Enable Javscript for better performance
Dijo Jose Antony: Rang De Basanti and Kai Po Che influenced Jana Gana Mana- Cinema express

Dijo Jose Antony: Rang De Basanti and Kai Po Che influenced Jana Gana Mana

Post the successful theatrical run of Jana Gana Mana and its release on Netflix, director Dijo Jose Antony reflects on his journey with the film

Published: 06th June 2022
Dijo Jose Antony, Prithviraj Sukumaran

Dijo Jose Antony is a huge fan of Rang De Basanti. He loves Kai Po Che for the same reason. He digs anything that embodies the spirit of revolution. It’s this spirit that he wanted to encapsulate in anything he does. “The influence of these films can be found in Queen and Jana Gana Mana,” he tells me. Like any newbie, Dijo could’ve jumped to another project immediately after the success of Queen (a film that didn’t floor me). But he needed something that would get him stoked. Jana Gana Mana, scripted by Queen writer Sharis Mohammed, did that for him.

Another reason for the delay is Dijo wants his films to look and feel a certain way. No compromises, even when the pandemic threatened to disrupt his choices. He is grateful for having a team that stood with him through thick and thin. Though Jana Gana Mana took only 80 days to shoot, its development spanned close to two years. The pandemic was partly to blame for that. After the first 12-day schedule, 60 members of the crew caught Covid. “We somehow managed to finish shooting the climax before wrapping up the schedule. I was coughing badly by the end of it. This was the time when the vaccines hadn’t come out yet. The fear of death was in all of us,” he recalls.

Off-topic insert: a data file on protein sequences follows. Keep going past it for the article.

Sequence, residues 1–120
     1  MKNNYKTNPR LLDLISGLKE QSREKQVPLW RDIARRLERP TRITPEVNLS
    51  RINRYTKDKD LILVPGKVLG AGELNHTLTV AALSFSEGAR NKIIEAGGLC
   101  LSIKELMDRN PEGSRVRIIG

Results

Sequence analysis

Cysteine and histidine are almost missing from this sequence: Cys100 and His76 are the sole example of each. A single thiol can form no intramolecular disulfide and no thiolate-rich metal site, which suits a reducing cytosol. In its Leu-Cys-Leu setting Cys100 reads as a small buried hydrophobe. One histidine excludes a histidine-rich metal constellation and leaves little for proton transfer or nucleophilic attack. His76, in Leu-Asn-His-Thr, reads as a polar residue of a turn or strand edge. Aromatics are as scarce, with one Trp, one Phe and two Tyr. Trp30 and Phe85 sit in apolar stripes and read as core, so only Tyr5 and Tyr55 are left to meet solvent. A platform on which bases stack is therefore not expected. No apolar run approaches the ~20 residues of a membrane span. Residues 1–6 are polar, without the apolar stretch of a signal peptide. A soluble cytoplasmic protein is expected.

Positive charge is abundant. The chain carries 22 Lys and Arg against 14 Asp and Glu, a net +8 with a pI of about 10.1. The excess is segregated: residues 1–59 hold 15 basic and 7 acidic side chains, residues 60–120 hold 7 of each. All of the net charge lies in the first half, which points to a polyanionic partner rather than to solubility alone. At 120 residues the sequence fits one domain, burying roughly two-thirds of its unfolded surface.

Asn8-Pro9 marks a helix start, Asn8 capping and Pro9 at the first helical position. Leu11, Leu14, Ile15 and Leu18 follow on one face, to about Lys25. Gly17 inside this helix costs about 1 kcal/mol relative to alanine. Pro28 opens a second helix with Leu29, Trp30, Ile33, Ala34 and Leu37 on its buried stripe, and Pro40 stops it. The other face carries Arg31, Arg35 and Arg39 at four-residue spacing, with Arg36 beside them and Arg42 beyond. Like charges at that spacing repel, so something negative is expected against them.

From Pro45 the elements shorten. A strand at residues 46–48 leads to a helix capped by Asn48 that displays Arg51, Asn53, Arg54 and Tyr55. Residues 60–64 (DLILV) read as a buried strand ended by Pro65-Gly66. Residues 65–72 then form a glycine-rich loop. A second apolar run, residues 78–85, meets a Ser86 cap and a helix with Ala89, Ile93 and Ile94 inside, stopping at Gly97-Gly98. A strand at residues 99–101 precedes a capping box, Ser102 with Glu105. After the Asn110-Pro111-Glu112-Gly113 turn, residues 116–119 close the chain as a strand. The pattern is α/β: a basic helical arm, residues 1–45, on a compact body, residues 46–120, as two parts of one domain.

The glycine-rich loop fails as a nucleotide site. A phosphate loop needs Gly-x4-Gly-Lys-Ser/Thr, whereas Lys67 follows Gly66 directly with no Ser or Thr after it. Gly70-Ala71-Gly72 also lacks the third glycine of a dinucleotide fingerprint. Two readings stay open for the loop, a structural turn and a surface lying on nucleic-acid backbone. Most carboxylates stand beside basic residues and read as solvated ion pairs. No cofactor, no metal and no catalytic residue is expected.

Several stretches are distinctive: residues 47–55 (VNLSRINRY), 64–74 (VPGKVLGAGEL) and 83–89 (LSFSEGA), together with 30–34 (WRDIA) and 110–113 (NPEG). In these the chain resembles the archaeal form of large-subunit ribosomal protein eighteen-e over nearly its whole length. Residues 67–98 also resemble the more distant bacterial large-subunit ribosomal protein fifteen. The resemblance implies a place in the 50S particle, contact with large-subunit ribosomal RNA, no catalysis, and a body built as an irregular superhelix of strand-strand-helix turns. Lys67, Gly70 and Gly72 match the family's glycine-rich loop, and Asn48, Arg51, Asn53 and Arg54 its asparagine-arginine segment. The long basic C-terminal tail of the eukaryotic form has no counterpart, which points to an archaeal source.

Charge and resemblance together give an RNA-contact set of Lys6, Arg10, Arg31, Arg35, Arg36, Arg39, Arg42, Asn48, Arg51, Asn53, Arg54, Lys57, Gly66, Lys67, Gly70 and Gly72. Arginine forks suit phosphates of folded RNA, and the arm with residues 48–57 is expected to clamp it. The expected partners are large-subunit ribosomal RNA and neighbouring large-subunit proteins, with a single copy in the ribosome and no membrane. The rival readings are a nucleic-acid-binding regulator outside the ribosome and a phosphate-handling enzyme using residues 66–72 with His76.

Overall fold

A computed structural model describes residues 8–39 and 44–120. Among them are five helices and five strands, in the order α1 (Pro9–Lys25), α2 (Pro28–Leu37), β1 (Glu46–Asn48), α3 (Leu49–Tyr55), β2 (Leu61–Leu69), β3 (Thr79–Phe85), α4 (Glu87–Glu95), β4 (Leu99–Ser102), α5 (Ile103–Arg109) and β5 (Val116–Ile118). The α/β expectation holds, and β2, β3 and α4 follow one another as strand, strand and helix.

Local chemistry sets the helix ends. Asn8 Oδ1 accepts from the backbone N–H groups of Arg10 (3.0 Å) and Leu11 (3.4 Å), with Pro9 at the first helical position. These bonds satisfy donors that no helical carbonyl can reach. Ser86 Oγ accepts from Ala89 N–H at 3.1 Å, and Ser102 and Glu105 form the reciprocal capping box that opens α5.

But, looking back, he sees it as a blessing in disguise. And the film’s remarkable performance proved that everything happened at the right time.

“Covid was a big deal, of course, but it also helped us in other places. Actually, it was only because of the pandemic that Raju (Prithviraj) became available. I got to pitch the project directly to him. If he weren’t there, he would’ve been shooting Aadujeevitham then. And when he returned, there was no telling which project he would’ve started work on after that,” says Dijo.

But getting Prithviraj’s dates didn’t necessarily mean it wasn’t a challenge. The actor was available for 20 days at the most. Dijo attributes the success of the shoot to the “brilliance of the script design”. “The other advantage I had was that I was able to get him to appear in different looks. If the pandemic hadn’t complicated things, maybe I would’ve had to compromise on looks—not that I would do it, but still, there is that what-if situation. This was when he had just completed shooting for films such as Kuruthi and Cold Case (Prithviraj in a clean-shaven look) before our films. Getting the right looks was as important as the canvas. The same thing goes for Suraj and his two different looks. We managed to get the timeframe right.”